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Anal Chem. 1990 Feb 1;62(3):258-63.

Cross-linked redox gels containing glucose oxidase for amperometric biosensor applications.

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Department of Chemical Engineering, University of Texas, Austin 78712.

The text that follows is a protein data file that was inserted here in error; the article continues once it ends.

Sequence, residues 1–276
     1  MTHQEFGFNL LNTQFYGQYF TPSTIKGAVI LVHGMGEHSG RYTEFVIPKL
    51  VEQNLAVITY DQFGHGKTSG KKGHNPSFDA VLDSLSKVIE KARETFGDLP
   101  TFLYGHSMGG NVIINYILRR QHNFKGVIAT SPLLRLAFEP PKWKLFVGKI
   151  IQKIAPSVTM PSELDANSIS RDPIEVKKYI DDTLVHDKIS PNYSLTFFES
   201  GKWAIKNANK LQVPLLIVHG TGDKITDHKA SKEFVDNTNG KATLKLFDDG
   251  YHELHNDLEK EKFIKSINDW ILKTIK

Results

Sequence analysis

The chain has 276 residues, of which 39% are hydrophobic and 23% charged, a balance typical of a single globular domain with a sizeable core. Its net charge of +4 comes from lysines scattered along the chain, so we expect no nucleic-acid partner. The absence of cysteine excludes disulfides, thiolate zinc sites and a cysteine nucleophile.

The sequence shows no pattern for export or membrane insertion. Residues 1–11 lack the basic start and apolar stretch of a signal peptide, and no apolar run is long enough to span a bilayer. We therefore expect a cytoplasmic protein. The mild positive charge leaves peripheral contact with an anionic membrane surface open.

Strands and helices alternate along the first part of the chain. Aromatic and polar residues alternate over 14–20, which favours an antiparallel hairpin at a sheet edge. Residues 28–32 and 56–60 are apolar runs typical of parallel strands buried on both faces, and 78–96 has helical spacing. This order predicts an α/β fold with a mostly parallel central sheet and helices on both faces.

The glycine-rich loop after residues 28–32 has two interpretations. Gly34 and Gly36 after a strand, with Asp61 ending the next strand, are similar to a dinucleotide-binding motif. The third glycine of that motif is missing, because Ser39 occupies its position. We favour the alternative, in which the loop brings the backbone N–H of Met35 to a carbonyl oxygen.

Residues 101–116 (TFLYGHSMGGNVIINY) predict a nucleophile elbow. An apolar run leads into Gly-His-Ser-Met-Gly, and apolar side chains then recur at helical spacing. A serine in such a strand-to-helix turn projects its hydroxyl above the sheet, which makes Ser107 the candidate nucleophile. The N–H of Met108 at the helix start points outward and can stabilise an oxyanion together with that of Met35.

Oxidoreductases, such as glucose oxidase, can be electrically "wired" to electrodes by electrostatic complexing or by covalent binding of redox polymers so that the electrons flow from the enzyme, through the polymer, to the electrode. We describe two materials for amperometric biosensors based on a cross-linkable poly(vinylpyridine) complex of [Os-(bpy)2Cl]+2+ that communicates electrically with flavin adenine dinucleotide redox centers of enzymes such as glucose oxidase. The uncomplexed pyridines of the poly(vinylpyridine) are quaternized with two types of groups, one promoting hydrophilicity (2-bromoethanol or 3-bromopropionic acid), the other containing an active ester (N-hydroxysuccinimide) that forms amide bonds with both lysines on the enzyme surface and with an added polyamine cross-linking agent (triethylenetetraamine, trien). In the presence of glucose oxidase and trien this polymer forms rugged, cross-linked, electroactive films on the surface of electrodes, thereby eliminating the requirement for a membrane for containing the enzyme and redox couple. The glucose response time of the resulting electrodes is less than 10 s. The glucose response under N2 shows an apparent Michaelis constant, Km' = 7.3 mM, and limiting current densities, jmax, between 100 and 800 microA/cm2. Currents are decreased by 30-50% in air-saturated solutions because of competition between O2 and the Os(III) complex for electrons from the reduced enzyme. Rotating ring desk experiments in air-saturated solutions containing 10 mM glucose show that about 20% of the active enzyme is electrooxidized via the Os(III) complex, while the rest is oxidized by O2. These results suggest that only part of the active enzyme is in electrical contact with the electrode.

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